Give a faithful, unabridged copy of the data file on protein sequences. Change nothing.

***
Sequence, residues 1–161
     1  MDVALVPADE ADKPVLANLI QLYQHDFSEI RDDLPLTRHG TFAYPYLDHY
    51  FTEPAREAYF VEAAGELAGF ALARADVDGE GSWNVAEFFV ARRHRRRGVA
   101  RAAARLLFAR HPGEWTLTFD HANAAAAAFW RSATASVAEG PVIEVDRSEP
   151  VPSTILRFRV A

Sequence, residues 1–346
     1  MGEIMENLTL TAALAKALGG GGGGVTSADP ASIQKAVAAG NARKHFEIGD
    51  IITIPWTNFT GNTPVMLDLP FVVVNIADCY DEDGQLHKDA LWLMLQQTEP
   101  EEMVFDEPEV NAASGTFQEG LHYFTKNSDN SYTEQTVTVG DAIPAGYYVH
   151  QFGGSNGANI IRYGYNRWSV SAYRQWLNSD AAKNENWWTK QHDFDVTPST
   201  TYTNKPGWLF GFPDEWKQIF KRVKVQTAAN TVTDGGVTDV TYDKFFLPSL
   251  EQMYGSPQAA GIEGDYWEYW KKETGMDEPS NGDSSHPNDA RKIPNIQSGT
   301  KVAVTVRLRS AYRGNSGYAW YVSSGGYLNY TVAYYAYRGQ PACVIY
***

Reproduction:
Sequence, residues 1–161
     1  MDVALVPADE ADKPVLANLI QLYQHDFSEI RDDLPLTRHG TFAYPYLDHY
    51  FTEPAREAYF VEAAGELAGF ALARADVDGE GSWNVAEFFV ARRHRRRGVA
   101  RAAARLLFAR HPGEWTLTFD HANAAAAAFW RSATASVAEG PVIEVDRSEP
   151  VPSTILRFRV A

Sequence, residues 1–346
     1  MGEIMENLTL TAALAKALGG GGGGVTSADP ASIQKAVAAG NARKHFEIGD
    51  IITIPWTNFT GNTPVMLDLP FVVVNIADCY DEDGQLHKDA LWLMLQQTEP
   101  EEMVFDEPEV NAASGTFQEG LHYFTKNSDN SYTEQTVTVG DAIPAGYYVH
   151  QFGGSNGANI IRYGYNRWSV SAYRQWLNSD AAKNENWWTK QHDFDVTPST
   201  TYTNKPGWLF GFPDEWKQIF KRVKVQTAAN TVTDGGVTDV TYDKFFLPSL
   251  EQMYGSPQAA GIEGDYWEYW KKETGMDEPS NGDSSHPNDA RKIPNIQSGT
   301  KVAVTVRLRS AYRGNSGYAW YVSSGGYLNY TVAYYAYRGQ PACVIY